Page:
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  • July 10th, 2017

New UN treaty outlaws nuclear weapons

First Phase Digital

Friday, 7 July at the UN Headquarters in New York more than 120 countries adopted a landmark treaty to ban nuclear weapons. All nine nuclear-armed states, and all NATO members except the Netherlands, had refused to participate in the negotiations.

“These states recognize that the ban treaty would represent a potent stigmatization of the nuclear weapons they still cling to and an act of political and moral protest against their retention.” (Paul Meyer)

The treaty prohibits the possession, development, use or threat of use of nuclear weapons and provides for nuclear weapons states to become parties by either a “destroy and join” or “join and destroy” plan for the verifiable elimination of their nuclear weapons. It also explicitly prohibits the stationing of nuclear weapons on the territory of non-nuclear weapons states.

“This new prohibition lays bare the fundamental contradiction between Canada’s legal status as a non-nuclear weapons state under the NPT and our active participation in NATO – a nuclear-armed military alliance.” (Peggy Mason)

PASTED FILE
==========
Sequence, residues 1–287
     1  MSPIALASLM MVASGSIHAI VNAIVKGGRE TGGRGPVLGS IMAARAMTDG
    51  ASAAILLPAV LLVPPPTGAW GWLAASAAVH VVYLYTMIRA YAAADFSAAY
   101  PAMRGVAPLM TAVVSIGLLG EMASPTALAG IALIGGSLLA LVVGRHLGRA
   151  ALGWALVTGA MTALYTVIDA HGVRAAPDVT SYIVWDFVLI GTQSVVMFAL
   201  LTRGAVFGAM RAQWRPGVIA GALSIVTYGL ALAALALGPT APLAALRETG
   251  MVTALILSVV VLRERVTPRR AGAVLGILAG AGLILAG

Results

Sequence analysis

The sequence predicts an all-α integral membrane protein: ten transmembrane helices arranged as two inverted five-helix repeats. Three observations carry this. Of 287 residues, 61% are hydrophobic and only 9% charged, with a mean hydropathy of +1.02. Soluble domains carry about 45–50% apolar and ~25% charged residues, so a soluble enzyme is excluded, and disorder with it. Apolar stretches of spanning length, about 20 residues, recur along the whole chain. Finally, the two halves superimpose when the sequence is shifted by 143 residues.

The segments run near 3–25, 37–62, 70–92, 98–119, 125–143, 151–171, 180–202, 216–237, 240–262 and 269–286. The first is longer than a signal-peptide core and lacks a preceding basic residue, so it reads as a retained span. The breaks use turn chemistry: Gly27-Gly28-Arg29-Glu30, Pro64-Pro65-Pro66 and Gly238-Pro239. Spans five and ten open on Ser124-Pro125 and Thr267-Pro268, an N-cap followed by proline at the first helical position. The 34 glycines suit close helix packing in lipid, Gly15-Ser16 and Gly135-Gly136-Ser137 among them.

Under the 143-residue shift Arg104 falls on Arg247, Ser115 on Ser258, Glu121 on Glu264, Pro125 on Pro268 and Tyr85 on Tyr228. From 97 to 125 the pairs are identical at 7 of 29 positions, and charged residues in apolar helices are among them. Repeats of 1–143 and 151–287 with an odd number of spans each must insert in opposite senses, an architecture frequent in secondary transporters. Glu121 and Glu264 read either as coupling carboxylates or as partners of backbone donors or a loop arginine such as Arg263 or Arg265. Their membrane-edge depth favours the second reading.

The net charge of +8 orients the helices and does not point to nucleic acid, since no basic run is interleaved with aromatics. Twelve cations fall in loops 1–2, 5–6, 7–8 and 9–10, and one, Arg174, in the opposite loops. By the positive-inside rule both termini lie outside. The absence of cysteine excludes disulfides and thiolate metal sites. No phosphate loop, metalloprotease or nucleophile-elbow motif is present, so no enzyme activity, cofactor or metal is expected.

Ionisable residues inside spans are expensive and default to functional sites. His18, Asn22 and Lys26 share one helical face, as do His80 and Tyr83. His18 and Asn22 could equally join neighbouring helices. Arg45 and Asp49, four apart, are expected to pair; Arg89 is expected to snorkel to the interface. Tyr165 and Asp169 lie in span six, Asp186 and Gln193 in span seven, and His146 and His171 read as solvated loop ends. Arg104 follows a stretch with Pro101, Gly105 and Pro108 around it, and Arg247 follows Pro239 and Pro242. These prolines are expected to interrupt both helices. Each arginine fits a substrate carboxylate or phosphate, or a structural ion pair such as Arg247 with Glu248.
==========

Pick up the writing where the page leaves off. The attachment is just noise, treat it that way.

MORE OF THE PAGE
The Canadian position on the treaty was, in part, influenced by a U.S. memo from last year that strongly encouraged all NATO allies to vote against negotiations. Andrew Leslie, Parliamentary Secretary to the Minister of Foreign Affairs, went so far as to call the treaty negotiations “premature and ineffective” last month in Parliament. After decades of empty platitudes and inaction on the part of the Canadian government, it’s hard to believe that any forward movement on nuclear disarmament and non-proliferation can be considered ‘premature’.

“The integrity of the Canadian position that it really wants to do away with nuclear weapons, but not just yet, is in tatters.” (Douglas Roche)

Despite the refusal of nuclear states and their strategic allies to participate, the treaty represents an historic step forward in the ongoing push for nuclear disarmament, marking a “new, reforming spirit in global nuclear affairs.” Some also see the treaty as a powerful sign that the international community will not be intimidated by nuclear powers.

“It represents a structural change in the power structure between states… Emerging powers believe they can push an agenda that is not only opposed to the interests of the main military powers in the world but also something that condemns them.” (Leonardo Bandarra)

In 1978 Prime Minister Pierre Elliott Trudeau told the UN that “we must impart a fresh momentum to the lagging process of disarmament.” In 2017, his son, Prime Minister Justin Trudeau, had an unparalleled opportunity to help do just that. Instead Canada was not even at the negotiating table.

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To learn more about the future of nuclear disarmament, join us at the Group of 78 Policy Conference, “Getting to Nuclear Zero: Building Common Security for a Post-Mad World,” on September 22nd.

For an important discussion of what parliamentarians can do to achieve a nuclear-free world, see the “Parliamentary Action Plan for a Nuclear-Weapons-Free World: 2017-2020”.

Photo credit: UN

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